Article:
After my list a few days ago, you may have been mistaken into thinking that I absolutely hated living and studying in Vienna, but that’s not true. As with any place, Vienna had it’s positives and negatives, and I simply enjoy writing about the negatives a bit more. But now it’s time to list some of Vienna’s more glowing aspects and explain why Vienna was a actually a great experience.
I had never lived in city before, in fact for most of my life I’ve lived in a tiny village located someplace in the south of England. Hell, even the university that I chose was located in town that most people have never even heard of. So the idea of suddenly moving to city, no less in a foreign country, was simultaneously frightening and exciting at the same time. Fortunately, as a first city, Vienna is absolutely fantastic. Architecturally, it is surely one of the most beautiful cities in Europe and the tram rides around the city centre are a perfect way to show off this ingrained majesty that the city seems to possess. Every building looks gorgeous and grand, from the imposing, romanesque parliament, to the towering minarets-like columns of the Karlskirche; even the McDonalds is suitably grandiose. Coupled with that are many luxurious gardens and staggering museums, in fact there’s so much to do in the city alone that its impossible for a student like me to do it all in 9 months. There’s still places I wished I could have gone and seen such as the Imperial Crypt. Additionally thats another thing Vienna does really well, cemeteries, so if there’s anyone reading who likes a good tomb, then you should definitely check out Vienna.
Of course, being a city, Vienna comes with all the perks one should expect, extravagant nightlife, restaurants galore, vineyards, funfares, cinemas, zoos, a river that freezes over in winter and that people go ice-skating on, a million shops for everything; typical city stuff. However, while Vienna is pleasant at most times of the year, though it can be pretty unbearable at the height of summer, I must say that Christmas is when the city is at it’s most spectacular. Not only is every part of Vienna decked out in extravagant Christmas lights, but there are also dozens of Christmas markets all over the place and one gets to experience unique celebrations such as Krampusnacht. You’ll have to bare the cold, but it’s undoubtedly worth it.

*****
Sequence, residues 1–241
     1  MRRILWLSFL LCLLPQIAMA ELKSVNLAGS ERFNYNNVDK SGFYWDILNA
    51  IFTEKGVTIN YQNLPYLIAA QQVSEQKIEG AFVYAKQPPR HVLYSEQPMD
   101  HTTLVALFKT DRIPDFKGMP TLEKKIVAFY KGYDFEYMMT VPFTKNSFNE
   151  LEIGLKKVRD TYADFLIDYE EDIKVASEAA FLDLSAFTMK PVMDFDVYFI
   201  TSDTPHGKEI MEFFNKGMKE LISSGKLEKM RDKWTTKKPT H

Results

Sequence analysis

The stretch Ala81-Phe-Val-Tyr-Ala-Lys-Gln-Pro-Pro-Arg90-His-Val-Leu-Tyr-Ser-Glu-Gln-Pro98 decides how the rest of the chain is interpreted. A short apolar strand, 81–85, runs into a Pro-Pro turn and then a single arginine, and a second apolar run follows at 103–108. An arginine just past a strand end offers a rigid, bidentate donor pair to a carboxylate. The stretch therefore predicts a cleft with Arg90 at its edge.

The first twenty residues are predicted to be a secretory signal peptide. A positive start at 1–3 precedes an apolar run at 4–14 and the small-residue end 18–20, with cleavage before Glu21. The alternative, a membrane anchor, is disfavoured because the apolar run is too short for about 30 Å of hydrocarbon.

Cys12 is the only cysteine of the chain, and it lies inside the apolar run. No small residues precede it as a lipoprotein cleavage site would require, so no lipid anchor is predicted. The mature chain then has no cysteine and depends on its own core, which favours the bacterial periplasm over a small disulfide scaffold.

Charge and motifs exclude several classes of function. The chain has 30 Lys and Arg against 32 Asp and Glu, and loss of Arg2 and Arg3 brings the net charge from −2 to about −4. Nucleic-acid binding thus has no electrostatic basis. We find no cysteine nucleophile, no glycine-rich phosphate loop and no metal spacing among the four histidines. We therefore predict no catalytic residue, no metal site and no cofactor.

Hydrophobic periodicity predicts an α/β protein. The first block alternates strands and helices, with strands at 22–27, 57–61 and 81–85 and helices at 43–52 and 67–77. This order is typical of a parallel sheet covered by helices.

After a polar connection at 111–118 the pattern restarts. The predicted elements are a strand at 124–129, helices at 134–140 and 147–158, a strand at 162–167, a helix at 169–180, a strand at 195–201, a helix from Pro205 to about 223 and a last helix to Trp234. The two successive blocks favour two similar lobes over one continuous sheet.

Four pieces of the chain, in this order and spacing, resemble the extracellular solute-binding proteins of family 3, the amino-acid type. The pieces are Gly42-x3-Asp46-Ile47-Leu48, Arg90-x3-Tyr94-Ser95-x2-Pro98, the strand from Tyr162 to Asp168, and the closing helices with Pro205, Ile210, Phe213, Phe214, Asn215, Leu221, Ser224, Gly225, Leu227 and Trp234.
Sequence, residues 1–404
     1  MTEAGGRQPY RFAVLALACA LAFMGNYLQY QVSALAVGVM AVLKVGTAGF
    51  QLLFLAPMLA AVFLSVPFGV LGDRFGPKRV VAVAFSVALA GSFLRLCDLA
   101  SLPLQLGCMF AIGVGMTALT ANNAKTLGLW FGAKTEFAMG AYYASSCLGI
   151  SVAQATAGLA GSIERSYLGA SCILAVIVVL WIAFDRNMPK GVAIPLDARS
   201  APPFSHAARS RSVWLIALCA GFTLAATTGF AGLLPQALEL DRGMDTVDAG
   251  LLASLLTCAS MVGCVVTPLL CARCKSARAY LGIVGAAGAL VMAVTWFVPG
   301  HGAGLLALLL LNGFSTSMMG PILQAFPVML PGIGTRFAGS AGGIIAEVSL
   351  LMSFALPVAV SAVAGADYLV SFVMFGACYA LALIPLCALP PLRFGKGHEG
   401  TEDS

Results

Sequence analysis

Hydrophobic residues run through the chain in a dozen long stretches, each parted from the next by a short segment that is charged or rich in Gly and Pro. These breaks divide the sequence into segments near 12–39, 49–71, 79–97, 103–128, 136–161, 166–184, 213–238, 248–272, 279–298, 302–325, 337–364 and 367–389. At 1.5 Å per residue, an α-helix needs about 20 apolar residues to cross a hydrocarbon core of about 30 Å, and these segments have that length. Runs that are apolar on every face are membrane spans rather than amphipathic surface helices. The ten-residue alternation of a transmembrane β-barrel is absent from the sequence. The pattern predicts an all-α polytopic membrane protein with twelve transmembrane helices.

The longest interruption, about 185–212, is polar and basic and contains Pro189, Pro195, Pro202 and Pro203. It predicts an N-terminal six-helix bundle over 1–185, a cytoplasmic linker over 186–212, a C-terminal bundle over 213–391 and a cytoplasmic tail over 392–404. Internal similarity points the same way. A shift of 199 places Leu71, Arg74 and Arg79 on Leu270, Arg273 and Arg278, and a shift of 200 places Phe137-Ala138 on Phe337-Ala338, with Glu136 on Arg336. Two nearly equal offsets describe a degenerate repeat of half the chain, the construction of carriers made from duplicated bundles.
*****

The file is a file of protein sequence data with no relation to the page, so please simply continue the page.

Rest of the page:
2. The ESN
Now, I didn’t actually do much with the ESN, which is the Erasmus Student Network, but I wish I had. The point is for international students to come together and get to know each other, I just had trouble summoning the courage to go out and actually meet and greet these people. However, the few events that I did go to were fantastic and the group does a great job at organising events in and around Vienna. It does everything from tours of the city, trips to other countries, game nights and a weekly bar crawl. For any new comer to Vienna University I’d definitely advise checking out the ESN and see what their doing, you might even do something you’d never expected to do in Vienna.
3. Public Transport
I not a public transport person. Even living in my tiny village, I never used the bus once. I love my car and driving myself around, and the worse thing about going to Vienna was leaving my car behind. As sad as it was though, you really don’t need a car in Vienna. With a semester ticket at hand, the whole of Vienna’s extensive public transport network just opens up to you. Bus, trams, trains, the underground; there are stations all over Vienna, insuring you can get within close distance to any particular location within the city limits. Not only that, but the Vienna serves as a hub for trains going throughout most of central and eastern Europe, so if you even fancied going to Hungary, or Slovakia, or the Czech Republic for a day, you can do just that and hop on a train in Vienna; and for a very reasonable price I must add.